Spark Branding design flat iconography icon art app layout clean type typography minimalistic minimal web website illustration

Spark Branding

by Stian ◒ for unfold

Brand splash for Spark! Let me know what you think :)

View on Dribbble

2. Target audience

A brand’s target audience and presence on different channels should also be considered. If a brand is heavily present on social media, targeting a younger crowd, they might benefit a lot from having a package of illustrations that they can use as part of their content.

For example HiCo Homes, an upcoming home development in London offering affordable living spaces for millennials, approached Orca Design for a new full branding project. To appeal to their target demographic, we included modern vector illustrations as one of the key elements to promote their business:

Hico Illustrations II vector hands bedroom house home interior design architecture illustration

Hico Illustrations II

by Flávia Mayer for Orca Design

Series of illustrations we're developing for HiCo homes

View on Dribbble

3. Aesthetics

And last but not least, aesthetics matter a lot. If your logo has a hand-drawn feel, it would only make sense to create illustrations that match this look to keep the brand look consistent. If it’s a more corporate brand, on the other hand, you might want to work with more photography and have only simple icons or a pattern to complement that.

Jonathan Schubert creates amazing brands where the illustration is a key component of the aesthetics:

Seadon Goods graphic typography dragon monster land sea illustration marks apparel outdoor brand design branding

Seadon Goods

by Jonathan Schubert

Branding exploration for Seadon Goods, an emerging sustainable outdoor apparel and goods co based in Hong Kong Shout out to Simon Walker's beautiful typeface, Room 205!

View on Dribbble

Now that we know the how and why, let’s take a look at how to actively implement illustration in a project.

How to effectively implement illustrative elements

The answer is simple: Brand Guidelines. They might not the most exciting part of a branding project, but very necessary.

To ensure the brand you’ve created uses illustration in a cohesive and consistent way, you need to include some rules and examples in the guidelines, so future designers and content creators (and even yourself) can refer back to them when working on new assets for the client. This is as important as defining a color palette or which fonts to use. After all, they all come together when producing a graphic piece.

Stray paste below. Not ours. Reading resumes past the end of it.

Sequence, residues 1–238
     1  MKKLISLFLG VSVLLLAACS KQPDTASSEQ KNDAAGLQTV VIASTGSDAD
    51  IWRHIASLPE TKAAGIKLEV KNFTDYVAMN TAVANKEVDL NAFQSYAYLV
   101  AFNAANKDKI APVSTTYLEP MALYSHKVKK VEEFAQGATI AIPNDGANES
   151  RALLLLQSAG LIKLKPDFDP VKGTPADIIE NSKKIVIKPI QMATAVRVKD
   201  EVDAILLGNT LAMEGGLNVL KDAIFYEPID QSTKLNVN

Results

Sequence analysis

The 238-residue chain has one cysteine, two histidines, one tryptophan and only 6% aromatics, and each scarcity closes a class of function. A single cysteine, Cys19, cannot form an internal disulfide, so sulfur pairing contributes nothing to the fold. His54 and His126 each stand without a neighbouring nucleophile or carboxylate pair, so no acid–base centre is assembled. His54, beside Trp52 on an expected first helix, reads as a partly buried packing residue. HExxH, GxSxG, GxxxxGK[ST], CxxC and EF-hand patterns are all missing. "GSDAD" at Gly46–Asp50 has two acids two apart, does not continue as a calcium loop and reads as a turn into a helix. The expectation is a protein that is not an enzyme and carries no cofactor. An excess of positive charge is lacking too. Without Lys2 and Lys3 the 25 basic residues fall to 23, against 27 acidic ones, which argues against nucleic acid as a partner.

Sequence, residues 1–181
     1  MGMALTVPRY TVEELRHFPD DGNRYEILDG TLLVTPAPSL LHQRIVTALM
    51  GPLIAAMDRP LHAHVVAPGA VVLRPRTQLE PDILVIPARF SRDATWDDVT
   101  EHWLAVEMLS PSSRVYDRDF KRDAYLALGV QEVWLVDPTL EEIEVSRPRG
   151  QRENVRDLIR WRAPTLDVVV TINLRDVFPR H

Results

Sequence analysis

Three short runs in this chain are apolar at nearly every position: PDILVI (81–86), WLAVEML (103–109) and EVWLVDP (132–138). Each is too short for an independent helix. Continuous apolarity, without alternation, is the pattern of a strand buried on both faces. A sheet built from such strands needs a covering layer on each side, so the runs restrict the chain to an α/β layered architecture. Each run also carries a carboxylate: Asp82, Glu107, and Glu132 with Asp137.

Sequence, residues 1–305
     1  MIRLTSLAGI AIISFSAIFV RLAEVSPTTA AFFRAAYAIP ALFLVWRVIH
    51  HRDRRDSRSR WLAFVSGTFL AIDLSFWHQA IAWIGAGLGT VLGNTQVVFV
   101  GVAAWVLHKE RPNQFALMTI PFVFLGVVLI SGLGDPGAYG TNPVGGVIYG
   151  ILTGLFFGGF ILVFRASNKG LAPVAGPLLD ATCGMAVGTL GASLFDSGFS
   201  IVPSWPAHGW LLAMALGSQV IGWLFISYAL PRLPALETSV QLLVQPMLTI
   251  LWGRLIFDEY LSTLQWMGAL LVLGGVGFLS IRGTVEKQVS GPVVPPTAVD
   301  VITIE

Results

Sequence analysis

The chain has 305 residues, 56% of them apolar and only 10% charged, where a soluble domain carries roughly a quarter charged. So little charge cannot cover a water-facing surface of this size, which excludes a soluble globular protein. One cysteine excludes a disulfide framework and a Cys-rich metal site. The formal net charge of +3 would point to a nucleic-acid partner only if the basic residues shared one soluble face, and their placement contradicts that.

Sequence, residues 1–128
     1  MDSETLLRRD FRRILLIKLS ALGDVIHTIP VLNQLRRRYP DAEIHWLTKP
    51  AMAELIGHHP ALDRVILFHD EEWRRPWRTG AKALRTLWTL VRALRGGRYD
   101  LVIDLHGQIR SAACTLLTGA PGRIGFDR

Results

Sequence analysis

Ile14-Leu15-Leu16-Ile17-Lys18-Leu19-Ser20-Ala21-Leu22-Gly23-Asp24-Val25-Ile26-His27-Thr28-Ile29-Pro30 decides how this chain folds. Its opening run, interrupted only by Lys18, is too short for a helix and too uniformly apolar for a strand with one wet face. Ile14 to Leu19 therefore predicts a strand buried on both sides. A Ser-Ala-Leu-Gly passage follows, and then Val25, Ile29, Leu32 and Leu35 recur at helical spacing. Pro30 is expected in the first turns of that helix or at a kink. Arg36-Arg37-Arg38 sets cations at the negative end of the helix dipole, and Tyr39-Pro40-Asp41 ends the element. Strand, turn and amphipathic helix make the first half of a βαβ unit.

If budget allows, you can even create an illustration system with several elements that can be used for social media, website, print material etc. Or, if you can’t go that far, try to include 2 to 3 examples of illustrations in your brand guidelines, explaining the style and applications. For example:

“Use line illustrations with a hand-drawn look. Keep it simple with only one or two colors. No texture or outlines.”

Here is a perfect example by the studio Brass Hands, where the illustrations permeate the guidelines and add personality to the brand:

Pebble Brand Guide iconography icons cat dog guide illustration color palette logo supplement pets book brand book brand guideline brand guide branding brand

Pebble Brand Guide

by Kyle Anthony Miller for Brass Hands

It's been a pleasure working on the Pebble branding! Working on putting together the full case study now. Here's a look into the brand guide! Check out the Brass Hands website! Let's work together! kyle@brasshands.com

View on Dribbble

Another thing to keep in mind is that every brand can change and evolve and so should the illustration style if necessary. It’s important to establish a style and aesthetic, but also to be flexible and recognize when a brand look and feel needs some refreshing.

Final thoughts

Illustration can be a powerful tool to distinguish brands from competitors and create a strong connection with its audience. Hopefully, this article helps shed some light on how and when you can take advantage of this asset to elevate your project and successfully create a brand with originality and personality!


Flávia Mayer Flávia Mayer is a Latin illustrator & multidisciplinary designer passionate about using creativity to make the world a better place. She draws inspiration from nature and life, always looking for ways to create authentic experiences through her illustrations and designs. Follow her on Dribbble and Instagram.